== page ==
Robert De Niro’s London Nobu Restaurant Took Coronavirus Relief Program Loans

US actor Robert De Niro takes part in the TV broadcast show "Le Grand Journal" on Canal Plus channel on May 26, 2011 in Paris. AFP PHOTO / BERTRAND LANGLOIS (Photo credit should read BERTRAND LANGLOIS/AFP via Getty Images)
BERTRAND LANGLOIS/AFP via Getty Images

Despite being worth an estimated $500 million, actor Robert De Niro took coronavirus money from the government to pay for expenses at his various restaurants across the globe, including his London-based luxury restaurant Nobu.

The Daily Mail reported on De Niro’s expensive London eatery, Nobu, to which celebrities flock when they are in the U.K.’s capital city. According to the paper, the 77-year-old star took enough government relief money to cover 80 percent of the high-end restaurant’s operating costs. U.K. government officials revealed the award of coronavirus relief money to De Niro’s restaurant.

The government report notes: “The restaurant has been closed since March 21, 2020, as a result of the Covid-19 pandemic in the U.K., and reopened on May 6, 2020, to operate in providing a limited restaurant service that can be operated by the company under the recommended health and safety guidelines imposed during the Covid-19 pandemic such as food take away service.”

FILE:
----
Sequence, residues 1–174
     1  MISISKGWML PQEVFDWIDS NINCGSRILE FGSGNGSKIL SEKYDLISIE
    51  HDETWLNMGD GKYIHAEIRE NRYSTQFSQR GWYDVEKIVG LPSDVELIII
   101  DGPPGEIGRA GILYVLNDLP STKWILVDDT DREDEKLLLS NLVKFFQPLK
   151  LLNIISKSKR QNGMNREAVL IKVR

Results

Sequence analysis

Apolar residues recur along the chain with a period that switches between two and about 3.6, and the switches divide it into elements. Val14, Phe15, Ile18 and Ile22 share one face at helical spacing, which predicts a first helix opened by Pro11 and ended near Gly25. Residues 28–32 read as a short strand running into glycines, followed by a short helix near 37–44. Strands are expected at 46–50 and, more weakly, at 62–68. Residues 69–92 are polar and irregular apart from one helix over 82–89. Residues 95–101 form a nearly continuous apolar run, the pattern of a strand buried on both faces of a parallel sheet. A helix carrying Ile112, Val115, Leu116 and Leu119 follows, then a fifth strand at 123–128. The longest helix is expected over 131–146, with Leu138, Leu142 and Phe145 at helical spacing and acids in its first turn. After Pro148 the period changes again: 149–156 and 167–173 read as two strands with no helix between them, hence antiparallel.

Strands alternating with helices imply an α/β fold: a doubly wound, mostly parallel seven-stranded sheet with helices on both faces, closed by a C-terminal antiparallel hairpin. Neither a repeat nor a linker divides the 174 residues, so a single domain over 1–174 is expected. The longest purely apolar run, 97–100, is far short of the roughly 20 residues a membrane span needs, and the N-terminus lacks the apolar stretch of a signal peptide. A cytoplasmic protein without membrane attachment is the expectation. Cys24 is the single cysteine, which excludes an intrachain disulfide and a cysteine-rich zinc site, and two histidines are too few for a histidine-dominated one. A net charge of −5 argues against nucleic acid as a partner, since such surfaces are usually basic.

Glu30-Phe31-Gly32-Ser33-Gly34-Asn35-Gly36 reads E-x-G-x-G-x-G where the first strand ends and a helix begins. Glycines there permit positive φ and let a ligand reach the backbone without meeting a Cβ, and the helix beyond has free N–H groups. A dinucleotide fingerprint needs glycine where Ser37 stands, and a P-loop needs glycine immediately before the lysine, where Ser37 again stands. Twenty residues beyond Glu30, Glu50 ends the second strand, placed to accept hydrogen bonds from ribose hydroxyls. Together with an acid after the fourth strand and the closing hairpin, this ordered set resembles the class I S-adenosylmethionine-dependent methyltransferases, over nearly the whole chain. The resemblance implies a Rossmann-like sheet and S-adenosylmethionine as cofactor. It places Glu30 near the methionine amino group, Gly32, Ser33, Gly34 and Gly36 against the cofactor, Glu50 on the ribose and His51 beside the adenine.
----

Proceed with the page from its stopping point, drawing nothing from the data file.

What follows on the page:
Nobu told the government that it expected “a significant decrease in profitability due to materially reduced revenues in 2020.”

John O’Connell, the CEO of the watchdog group Taxpayers’ Alliance, reminded readers that the relief money, while helpful to struggling companies, “ultimately comes from taxpayers, and support should only be sought if it’s really needed.”

In light of how much Nobu’s owner is worth, critics, like O’Connell, question why taxpayers should have to step in to pay his employees when it seems likely that De Niro could easily afford the costs out of pocket.

De Niro was also reported as having accepted 14 loans totaling upwards to $28 million in coronavirus relief funding from the Trump administration’s Paycheck Protection Program (PPP). De Niro was recently reported as lamenting the need to slash his spending. It was also reported that he cut ex-wife Grace Hightower’s American Express limit from $100,000 to $50,000 a month.

De Niro’s Nobu restaurant, co-owned with film producer Meir Teper, has outlets on five continents, and the star claims that the coronavirus has put his business interests at risk.

The Raging Bull star regularly attacked former President Donald Trump and his supporters. During an appearance on MSNBC’s The Last Word in June, for instance, De Niro insisted that “I am certainly looking forward to” the president ending up in jail.

In May, the actor told BBC’s Newsnight that Trump is a “lunatic” who has no regard for how many Americans die of the coronavirus.

Also, last month, De Niro attacked the 74 million Americans who voted for Trump in 2020 saying that their vote made him “angry.”

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